When it comes to bright outdoor lighting, the key factor to consider is the number of lumens the light bulb or fixture provides. Lumens measure the total amount of visible light a light source emits. The more lumens, the brighter the light.
What is a lumen?
A lumen is a measure of the total amount of visible light emitted by a light source. It indicates the brightness or intensity of the light. More lumens means a brighter light. For example, a 100-watt incandescent light bulb produces about 1600 lumens.
How many lumens for outdoor lighting?
The number of lumens needed for outdoor lighting depends on the size of the area you want to illuminate. As a general guideline:
- For a small confined outdoor area like an entryway or patio, look for a light bulb or fixture that provides 1000-2000 lumens.
- For a medium-sized area like a driveway or garden path, look for 2000-4000 lumens.
- For a large open yard or exterior entertaining area, you’ll need 4000-6000 lumens for bright illumination.
Here are some specific lumen recommendations for common outdoor spaces:
|Outdoor Area||Recommended Lumens|
Factors that affect lighting needs
In addition to the size of the space, other factors that influence your outdoor lighting needs include:
- Intended use: If you plan to use the space for tasks like grilling or gardening, you’ll need brighter light than just basic security and visibility.
- Surrounding conditions: Bright competing lights from neighboring homes, streets and businesses increase the amount of light needed.
- Reflective surfaces: Areas with light-colored walls, pavements and vegetation reflect light better, so you may need fewer lumens.
- Amount of vegetation: Trees, shrubs and other plants can block light, so densely landscaped yards need more lumens.
- Nighttime use: The later you use a space at night, the more light you’ll need to overcome darkness.
Also consider the age of those using the space. As we get older, we need brighter light to see well. Boosting lumens in outdoor areas used by seniors makes them safer and more accessible.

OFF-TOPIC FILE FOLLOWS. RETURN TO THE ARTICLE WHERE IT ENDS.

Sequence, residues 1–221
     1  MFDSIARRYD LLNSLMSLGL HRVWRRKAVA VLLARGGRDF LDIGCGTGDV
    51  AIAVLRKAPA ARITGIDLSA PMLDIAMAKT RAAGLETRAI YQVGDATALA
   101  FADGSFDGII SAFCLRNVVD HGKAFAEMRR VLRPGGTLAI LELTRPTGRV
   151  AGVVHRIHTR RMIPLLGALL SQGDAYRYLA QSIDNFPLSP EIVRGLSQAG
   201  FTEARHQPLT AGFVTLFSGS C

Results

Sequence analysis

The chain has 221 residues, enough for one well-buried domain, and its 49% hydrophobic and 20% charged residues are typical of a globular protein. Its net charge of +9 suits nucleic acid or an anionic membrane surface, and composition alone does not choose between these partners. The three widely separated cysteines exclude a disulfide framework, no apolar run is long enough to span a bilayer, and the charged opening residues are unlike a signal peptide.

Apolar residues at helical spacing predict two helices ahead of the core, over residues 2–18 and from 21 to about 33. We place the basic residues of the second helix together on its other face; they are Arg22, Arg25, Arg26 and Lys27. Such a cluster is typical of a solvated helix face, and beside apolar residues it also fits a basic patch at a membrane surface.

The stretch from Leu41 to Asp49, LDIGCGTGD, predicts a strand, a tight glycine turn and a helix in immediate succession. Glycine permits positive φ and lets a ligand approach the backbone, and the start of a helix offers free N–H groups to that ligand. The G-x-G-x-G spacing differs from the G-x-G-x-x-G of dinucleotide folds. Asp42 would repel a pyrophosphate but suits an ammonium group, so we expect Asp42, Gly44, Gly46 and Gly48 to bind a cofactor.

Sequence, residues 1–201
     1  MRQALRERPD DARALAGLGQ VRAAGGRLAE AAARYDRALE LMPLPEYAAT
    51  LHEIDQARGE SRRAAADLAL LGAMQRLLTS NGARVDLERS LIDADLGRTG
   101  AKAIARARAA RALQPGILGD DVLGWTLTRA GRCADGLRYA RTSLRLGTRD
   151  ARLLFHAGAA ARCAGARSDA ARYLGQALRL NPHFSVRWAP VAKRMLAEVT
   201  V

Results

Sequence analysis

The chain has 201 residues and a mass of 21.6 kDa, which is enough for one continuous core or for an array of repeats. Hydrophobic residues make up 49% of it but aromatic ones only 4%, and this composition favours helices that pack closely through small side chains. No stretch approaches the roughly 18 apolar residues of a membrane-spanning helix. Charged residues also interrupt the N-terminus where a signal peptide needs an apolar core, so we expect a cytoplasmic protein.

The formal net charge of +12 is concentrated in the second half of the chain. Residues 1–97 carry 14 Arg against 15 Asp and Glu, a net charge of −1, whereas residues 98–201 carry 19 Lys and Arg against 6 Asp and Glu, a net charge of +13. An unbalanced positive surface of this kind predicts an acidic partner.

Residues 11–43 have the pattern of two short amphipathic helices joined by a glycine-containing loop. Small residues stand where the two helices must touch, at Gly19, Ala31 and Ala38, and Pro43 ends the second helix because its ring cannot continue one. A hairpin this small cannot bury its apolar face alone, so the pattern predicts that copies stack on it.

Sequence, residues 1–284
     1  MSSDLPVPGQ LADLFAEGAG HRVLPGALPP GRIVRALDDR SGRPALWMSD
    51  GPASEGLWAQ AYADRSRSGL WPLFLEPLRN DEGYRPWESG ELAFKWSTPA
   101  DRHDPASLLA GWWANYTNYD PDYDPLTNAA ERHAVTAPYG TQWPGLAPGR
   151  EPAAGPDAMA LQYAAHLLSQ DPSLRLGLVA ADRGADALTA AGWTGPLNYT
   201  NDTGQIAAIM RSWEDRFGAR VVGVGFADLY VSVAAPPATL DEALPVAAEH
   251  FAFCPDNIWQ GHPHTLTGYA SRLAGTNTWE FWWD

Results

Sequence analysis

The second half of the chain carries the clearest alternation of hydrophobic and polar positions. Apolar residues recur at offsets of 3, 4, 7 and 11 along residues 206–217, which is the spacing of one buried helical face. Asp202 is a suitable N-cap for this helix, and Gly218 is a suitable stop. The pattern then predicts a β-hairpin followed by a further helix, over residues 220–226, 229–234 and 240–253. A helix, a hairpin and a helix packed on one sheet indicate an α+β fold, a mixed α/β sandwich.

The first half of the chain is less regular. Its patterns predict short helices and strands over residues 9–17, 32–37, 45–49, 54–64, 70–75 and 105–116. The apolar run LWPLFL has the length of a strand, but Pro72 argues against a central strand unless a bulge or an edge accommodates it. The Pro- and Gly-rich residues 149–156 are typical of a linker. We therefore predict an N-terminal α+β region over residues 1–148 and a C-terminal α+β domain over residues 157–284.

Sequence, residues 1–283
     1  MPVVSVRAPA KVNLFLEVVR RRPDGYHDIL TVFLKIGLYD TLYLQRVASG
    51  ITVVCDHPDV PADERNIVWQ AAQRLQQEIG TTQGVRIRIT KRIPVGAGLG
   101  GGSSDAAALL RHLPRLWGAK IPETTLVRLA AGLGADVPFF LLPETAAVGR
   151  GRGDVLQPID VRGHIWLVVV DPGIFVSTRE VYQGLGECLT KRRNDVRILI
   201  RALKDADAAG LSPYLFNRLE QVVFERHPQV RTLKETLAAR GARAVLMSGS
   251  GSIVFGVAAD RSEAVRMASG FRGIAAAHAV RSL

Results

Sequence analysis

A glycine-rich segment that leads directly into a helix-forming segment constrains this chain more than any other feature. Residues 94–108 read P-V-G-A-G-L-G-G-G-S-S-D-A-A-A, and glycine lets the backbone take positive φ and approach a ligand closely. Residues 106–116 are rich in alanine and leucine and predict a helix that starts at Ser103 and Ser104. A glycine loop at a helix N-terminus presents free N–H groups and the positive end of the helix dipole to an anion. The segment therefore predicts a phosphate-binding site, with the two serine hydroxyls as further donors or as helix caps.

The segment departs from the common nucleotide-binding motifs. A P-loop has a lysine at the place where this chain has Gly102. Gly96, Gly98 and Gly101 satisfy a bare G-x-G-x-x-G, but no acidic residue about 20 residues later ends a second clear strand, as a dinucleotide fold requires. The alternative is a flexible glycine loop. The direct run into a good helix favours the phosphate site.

Lumens for security lights
Outdoor security lighting has the specific purpose of deterring intruders, enhancing safety and providing better visibility at night. Here are some common lumen amounts for security lights:
- 500-900 lumens: Good for accent lighting, illuminating a small entryway or highlighting architectural features.
- 900-1800 lumens: Appropriate for porch lights, spotlights or small security cameras.
- 1800-3000 lumens: This brightness works well for driveway or wide area security lights.
- 3000+ lumens: Very bright security floodlights for large open areas and corners of buildings.
Keep in mind that many security lights use motion sensors or timers to temporarily provide extra bright lighting when needed, then revert to a lower lumen level. So the labeled lumens may indicate peak brightness, while average use is lower.
Lumens for spotlights and floodlights
Spotlights and floodlights concentrate light in a focused beam for accenting architectural features, landscape elements or other exterior details. Here are typical lumen amounts:
- 500-1000 lumens: Good for spotlighting small statues, planting beds or lighting steps.
- 1000-2000 lumens: Appropriate for lighting up garage doors, patios or signs.
- 2000-4000 lumens: This brightness range works well to accent trees, fountains or corners of buildings.
- 4000+ lumens: Ultra-bright spotlights and floodlights for large outdoor areas.
The more focused and directional a light is, the higher the lumen amount needed to provide sufficient brightness. Floodlights spread light over a wider area so they require fewer lumens than a comparable spotlight.